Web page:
More Valuable Now Than Ever
“In these all-seeing days, the traffic between memory and forgetting becomes untrackable,” Teju Cole wrote in his beautiful essay on photography and “our paradoxical memorial impulses.” But what is memory, exactly?
Neuroscientists have identified memory as central to our experience of identity. It refers to the processes that are used to acquire, store, retain, and later retrieve information. There are three major processes involved in memory: encoding, storage, and retrieval.
Photography is a tool that can be relevant to all three major processes involved in memory. So much so that I always refer to myself as a “High priest of memory protection” rather than as a photographer.
As we struggle with the isolation mandated by the pandemic, photography seems more important than ever. The ability to reconnect with happier times by looking through our photographs is truly a gift.
I am reminded of so many great photographic experiences as I look through all the old hard drives, prints, books, magazines, featuring my images.
Each week, I start with a walk down memory lane, picking a specific time or place or subject and then I seek out photographs I’ve made relating to that time or place or subject.
I have been a traveling man for many decades. I am used to being on the road. And perhaps that is one of the hardest things for me personally during the stay at home orders here in Washington state. I am used to being on the road, moving with the birds, documenting their lives, telling their stories. Now, I am home-bound, and reliant on the birds to come to me. Since I live in a house that was just built last September, in a new neighborhood, with no mature plants, trees or shrubs to offer cover, sadly, the bird visits here are few and far between.
So I look through my catalogs and find solace in the trips from the past.
My trip to Bosque del Apache, National Wildlife Refuge last year was the subject of this week’s memory recall.
I spent a month on the road in my “work truck,” driving from my home on the Kitsap Peninsula near Seattle, to central New Mexico and the refuge, which is located a few miles south of the tiny town of San Antonio, New Mexico.
The “work truck,” is my 2019 RAM Rebel which I have heavily customized and converted into my photo mobile.
The drive was leisurely. And the trip was a blast. I didn’t have any firm plans. I simply gave myself lots of time to make the trip and set out to the south.
I drove 31 hours, more than 1700 miles. I drove through Washington, Oregon, Idaho, Utah, Colorado and New Mexico. My destination? The Bosque del Apache, National Wildlife Refuge near San Antonio, NM. And then I did it again, in reverse. More than 3400 miles on the open road. Lots of photo opps and a bunch of great memories.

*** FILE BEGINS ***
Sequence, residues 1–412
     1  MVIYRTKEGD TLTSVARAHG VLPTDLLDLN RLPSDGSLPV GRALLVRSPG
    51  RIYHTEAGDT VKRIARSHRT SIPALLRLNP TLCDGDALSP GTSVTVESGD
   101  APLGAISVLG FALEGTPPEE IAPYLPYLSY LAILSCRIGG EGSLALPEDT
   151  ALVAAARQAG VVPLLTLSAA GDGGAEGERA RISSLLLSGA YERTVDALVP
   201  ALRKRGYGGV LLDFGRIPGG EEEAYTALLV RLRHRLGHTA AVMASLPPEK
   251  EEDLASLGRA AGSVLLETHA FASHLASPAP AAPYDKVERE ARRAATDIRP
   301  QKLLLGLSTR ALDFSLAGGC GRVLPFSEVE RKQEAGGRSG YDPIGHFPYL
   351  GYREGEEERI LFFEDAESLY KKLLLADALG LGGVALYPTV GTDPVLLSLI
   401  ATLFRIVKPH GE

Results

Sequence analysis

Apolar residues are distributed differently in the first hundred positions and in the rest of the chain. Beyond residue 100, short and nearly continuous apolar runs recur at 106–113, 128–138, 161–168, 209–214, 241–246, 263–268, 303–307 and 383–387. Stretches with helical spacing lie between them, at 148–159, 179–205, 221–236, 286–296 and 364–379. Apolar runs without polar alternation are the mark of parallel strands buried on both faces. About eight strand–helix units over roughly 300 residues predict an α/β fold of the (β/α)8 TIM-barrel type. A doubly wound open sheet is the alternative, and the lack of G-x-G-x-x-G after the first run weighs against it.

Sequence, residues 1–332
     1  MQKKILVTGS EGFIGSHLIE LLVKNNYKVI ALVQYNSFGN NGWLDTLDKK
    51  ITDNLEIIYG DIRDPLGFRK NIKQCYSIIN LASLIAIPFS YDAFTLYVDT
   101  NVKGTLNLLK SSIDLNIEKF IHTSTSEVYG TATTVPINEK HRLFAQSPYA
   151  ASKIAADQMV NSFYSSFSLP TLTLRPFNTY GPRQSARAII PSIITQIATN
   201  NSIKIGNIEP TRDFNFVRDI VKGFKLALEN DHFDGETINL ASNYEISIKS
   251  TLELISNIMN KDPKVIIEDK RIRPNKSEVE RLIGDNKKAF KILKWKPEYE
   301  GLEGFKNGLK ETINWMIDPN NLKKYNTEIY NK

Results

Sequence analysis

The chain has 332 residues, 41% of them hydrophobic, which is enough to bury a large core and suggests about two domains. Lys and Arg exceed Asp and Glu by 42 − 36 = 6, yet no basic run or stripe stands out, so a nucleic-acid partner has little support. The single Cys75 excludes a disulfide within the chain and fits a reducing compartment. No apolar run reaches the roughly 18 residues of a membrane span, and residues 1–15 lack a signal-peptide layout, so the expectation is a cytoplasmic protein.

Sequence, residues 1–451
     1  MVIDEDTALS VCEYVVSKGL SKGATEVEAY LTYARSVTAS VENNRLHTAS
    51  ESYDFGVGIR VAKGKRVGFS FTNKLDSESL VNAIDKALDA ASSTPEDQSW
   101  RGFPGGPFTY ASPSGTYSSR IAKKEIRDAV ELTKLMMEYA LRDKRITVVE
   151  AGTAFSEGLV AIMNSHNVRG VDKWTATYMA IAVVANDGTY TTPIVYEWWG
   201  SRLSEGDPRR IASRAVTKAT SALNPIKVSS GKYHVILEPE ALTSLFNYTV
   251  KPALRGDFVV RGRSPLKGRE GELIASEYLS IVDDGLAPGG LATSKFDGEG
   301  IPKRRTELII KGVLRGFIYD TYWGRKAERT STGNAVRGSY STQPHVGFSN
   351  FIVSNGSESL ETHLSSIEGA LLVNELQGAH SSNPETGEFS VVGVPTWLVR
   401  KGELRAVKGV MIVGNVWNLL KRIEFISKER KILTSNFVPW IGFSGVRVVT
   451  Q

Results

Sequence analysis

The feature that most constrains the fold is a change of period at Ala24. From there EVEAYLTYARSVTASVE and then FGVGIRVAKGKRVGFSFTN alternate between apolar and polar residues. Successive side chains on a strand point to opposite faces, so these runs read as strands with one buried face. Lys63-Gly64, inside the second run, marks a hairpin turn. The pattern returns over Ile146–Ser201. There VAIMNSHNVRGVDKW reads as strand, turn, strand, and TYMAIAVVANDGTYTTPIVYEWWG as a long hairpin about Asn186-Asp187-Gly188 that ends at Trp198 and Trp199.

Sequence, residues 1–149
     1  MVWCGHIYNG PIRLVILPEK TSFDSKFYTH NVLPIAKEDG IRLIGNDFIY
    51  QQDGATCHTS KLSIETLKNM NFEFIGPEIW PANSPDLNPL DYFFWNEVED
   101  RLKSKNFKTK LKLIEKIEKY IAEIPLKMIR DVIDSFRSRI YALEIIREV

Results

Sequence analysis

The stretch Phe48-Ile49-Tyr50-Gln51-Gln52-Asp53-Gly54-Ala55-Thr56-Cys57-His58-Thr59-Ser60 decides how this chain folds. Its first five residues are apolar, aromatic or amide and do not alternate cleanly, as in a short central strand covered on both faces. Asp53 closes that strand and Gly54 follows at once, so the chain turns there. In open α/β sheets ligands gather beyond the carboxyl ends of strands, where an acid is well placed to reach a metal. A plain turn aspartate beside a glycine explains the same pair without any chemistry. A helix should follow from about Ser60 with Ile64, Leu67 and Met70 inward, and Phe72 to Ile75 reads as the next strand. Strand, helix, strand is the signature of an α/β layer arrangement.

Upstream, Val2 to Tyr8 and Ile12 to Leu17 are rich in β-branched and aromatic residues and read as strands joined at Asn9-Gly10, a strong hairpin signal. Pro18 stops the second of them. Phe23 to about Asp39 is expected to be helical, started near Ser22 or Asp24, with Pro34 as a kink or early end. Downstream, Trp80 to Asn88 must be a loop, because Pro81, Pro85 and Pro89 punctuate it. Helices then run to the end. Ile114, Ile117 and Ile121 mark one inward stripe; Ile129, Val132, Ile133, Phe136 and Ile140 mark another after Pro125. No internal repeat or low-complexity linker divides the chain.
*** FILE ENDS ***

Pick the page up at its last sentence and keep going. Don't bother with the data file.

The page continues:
My “Photo Mobile” was extremely comfortable and had no issues on the trip. The freedom of being able to leave my gear in the truck each night so it would be temperature adjusted was great. Everyone who took their gear into the hotel for the night had to battle condensation issues, which, if left unchecked, can ruin your gear.
I enjoyed the freedom of the open road in my “work truck.” It performed like a dream. And there was nobody from TSA telling me what I could and could not bring in the truck!
I also enjoyed all the comments the truck got. Everywhere I went, people asked about the truck. It probably got more attention than I used to in my $200k Porsche 911 GT3 RS! Even photographers who saw me at Bosque wanted to see how I store my gear in the truck. I guess it’s pretty popular.
The four wheel drive came in handy on the Refuge when it snowed. Lots of vehicles got banged up by the deep ruts that can occur when the Refuge road gets wet. There was also plenty of mud 🙂 But then again – that is what RAM designed the Rebel to handle.
I went over three major mountain passes on the way and again on the way back, with no issues.
I was honored to speak at the Festival of the Cranes. It’s one of the oldest, and most respected bird/photography festivals in North America. I also led some private and group workshops and did some assignment shooting on that trip. I was scheduled to speak at the 2020 Festival of the Cranes, but unfortunately, the festival organizers have already decided to cancel this year’s event out of abundance of caution. Part of me thinks that decision was made too early. It may in fact be the thing that needs to happen, but I wish they would have waited until the time got closer to decide. Assuming the refuge is open, and that it is safe, I plan to go this year in any event.
Looking back on that trip, by sorting out a few pictures of the work truck and a few of my favorite bird photos from that trip, I had no idea it would be so important to me today. The fact that I can look back so fondly on that trip and that I have these pictures to help me remember the experience, that is a priceless gift.
Hopefully you will find time during the pandemic to look into your own photo memories. Share them with your family or friends. Relive them and hope for better days. It’s the big payoff of photography. Cameras are really just time machines, propelling us into the past.
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